When criticism of gamesmanship is very selective

Philip Hindes

Whilst I have previously outlined on this blog why I feel that when it comes to the Ye Shiwen situation the athlete and the whole Chinese nation cannot be surprised that she is under so much scrutiny (and just to reiterate, unlike all the other swimmers whose performance has increased spectacularly in 12 months Ye’s astonishing improvement only came in one leg, the last 100m, of her individual medley and at the point in the race when she should have been the most tired) they can certainly feel aggrieved at the way their players have been treated in the Badminton. Ultimately they were there to win, not be ‘the Olympic ideal’ made flesh and if forfeiting a match was the best way to do that and avoiding dumping their fellow Chinese players out of the tournament then I’m not sure what the problem is. The draw shouldn’t have been arranged to make losing a desirable option. It isn’t the players fault and I can understand their anger at being made scapegoats for others people’s mistakes.

It must be doubly irritating that a British track rider has admitted to crashing his bike on purpose to gain an opportunity to restart, which is a similar manipulation of the rules.

And triply irritating that there has been no chorus of criticism from the ‘Western’ press, who were so quick (with one or two honourable exceptions) to call out the Chinese Badminton players for their unsportsmanlike behaviour.

Philip Hindes, who is to be congratulated for his candour, openly admitted to deliberately going down just after the race had originally started:

“We were saying if we have a bad start we need to crash to get a restart. I just crashed, I did it on purpose to get a restart, just to have the fastest ride. I did it. So it was all planned, really.”

Pretty unambiguous I’m sure you’ll agree. But British Cycling, in an act of pretty gratuitous dishonesty, have suggested that Hindes’ comments were “lost in translation” as English isn’t his first language. Nice try guys. Not one of the most plausible official denials I’ve ever heard. The English is pretty good and he is making clear several times what he did and why he did it.

He doesn’t appear to have broken any rules, either. But British Cycling is clearly more concerned with protecting their reputation and are happy to lie in order to do so.

Ultimately people need to make a moral decision themselves about whether such brazen gamesmanship is appropriate or not. Personally I think we need to accept that in the era of professional sports moral judgments aren’t going to enter many athletes minds. They are there to do their job, and we all know how cynically and instrumentally we view our own jobs. It really isn’t a vocation anymore (if it ever was). It’s a means to earn a living and professional success is measured in numbers of victories.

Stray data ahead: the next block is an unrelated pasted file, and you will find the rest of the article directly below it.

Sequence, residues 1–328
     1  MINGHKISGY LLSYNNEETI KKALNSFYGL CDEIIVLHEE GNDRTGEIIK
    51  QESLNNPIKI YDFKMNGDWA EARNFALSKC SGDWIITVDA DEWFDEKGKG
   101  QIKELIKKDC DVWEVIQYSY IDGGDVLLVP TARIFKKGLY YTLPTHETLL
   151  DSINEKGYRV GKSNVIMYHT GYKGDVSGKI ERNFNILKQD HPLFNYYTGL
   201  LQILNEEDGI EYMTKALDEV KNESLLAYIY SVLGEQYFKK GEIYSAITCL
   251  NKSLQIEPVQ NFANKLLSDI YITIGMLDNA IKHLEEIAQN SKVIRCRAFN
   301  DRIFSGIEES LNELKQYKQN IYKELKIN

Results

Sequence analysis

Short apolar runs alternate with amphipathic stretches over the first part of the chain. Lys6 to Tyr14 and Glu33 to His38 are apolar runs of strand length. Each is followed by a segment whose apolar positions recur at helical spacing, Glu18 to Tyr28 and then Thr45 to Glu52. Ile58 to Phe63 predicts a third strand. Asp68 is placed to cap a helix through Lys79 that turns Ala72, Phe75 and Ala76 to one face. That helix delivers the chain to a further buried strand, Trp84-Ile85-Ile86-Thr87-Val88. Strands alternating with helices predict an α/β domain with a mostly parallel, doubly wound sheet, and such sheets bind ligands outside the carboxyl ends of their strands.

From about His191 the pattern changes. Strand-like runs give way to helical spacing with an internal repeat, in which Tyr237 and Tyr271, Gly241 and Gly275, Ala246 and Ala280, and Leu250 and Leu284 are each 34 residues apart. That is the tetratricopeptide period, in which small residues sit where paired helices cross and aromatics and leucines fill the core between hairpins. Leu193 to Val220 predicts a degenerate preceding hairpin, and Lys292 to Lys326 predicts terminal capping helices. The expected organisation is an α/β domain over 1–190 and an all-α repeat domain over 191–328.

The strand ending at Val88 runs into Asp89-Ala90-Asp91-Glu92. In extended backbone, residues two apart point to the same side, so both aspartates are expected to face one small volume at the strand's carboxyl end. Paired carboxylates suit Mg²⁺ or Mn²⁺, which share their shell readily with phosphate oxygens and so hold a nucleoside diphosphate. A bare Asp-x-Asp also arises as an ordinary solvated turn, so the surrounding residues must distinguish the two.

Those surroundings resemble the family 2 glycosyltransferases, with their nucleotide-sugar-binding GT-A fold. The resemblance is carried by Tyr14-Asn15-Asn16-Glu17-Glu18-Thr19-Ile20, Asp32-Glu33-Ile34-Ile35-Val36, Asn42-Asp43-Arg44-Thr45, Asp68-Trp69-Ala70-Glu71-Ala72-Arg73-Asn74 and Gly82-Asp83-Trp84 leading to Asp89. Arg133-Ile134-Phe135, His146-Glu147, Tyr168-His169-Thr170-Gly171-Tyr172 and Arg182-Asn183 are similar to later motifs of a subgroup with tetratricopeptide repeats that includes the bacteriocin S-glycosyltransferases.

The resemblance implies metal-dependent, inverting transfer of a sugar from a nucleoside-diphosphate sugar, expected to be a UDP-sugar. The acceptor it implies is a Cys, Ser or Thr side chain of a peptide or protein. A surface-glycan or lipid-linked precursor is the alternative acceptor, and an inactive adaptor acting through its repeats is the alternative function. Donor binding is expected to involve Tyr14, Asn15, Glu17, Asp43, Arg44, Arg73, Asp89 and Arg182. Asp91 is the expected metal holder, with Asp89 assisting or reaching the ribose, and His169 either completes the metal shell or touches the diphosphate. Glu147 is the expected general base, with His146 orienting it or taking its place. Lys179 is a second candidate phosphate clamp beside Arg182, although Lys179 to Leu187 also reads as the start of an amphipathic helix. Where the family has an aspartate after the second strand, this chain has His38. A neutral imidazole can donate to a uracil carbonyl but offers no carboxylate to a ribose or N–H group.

We can’t have double standards however. Right now the media should be queuing up to denounce Hindes’ conduct (and British Cycling’s appalling lying) in exactly the same way the Chinese Badminton players were condemned. It should be a seriously big story, considering the number of column inches similar the Badminton generated. That they aren’t just demonstrates how crudely nationalistic the debates about cheating in sports are, everywhere.

The treatment of Alexandre Vinokourov by the BBC was one example the other day. Arguably Claire Balding’s badly judged immediate reaction to Ye Shiwen’s success was another (although I disagree with the way that she handled it on live TV, not the substance of what she was alleging, although I can assure you that my concerns about Ye’s swim have nothing to do with nationalism or fear of the Yellow Peril).

The collective shrug of the shoulders regarding the behaviour of Phillip Hindes is yet another. The hypocrisy of it all is very troubling.

2 Comments (+add yours?)

  1. Robert
    Aug 04, 2012 @ 09:03:41

    It the training regime and what is taken to build up strength.


  2. Robert
    Aug 10, 2012 @ 10:00:56

    Well lets be honest cheating is the same anywhere and everywhere falling over to get a restart or of course not playing at badminton just hitting the shuttle into the net, teams thrown out and the other is called as sportsmanship


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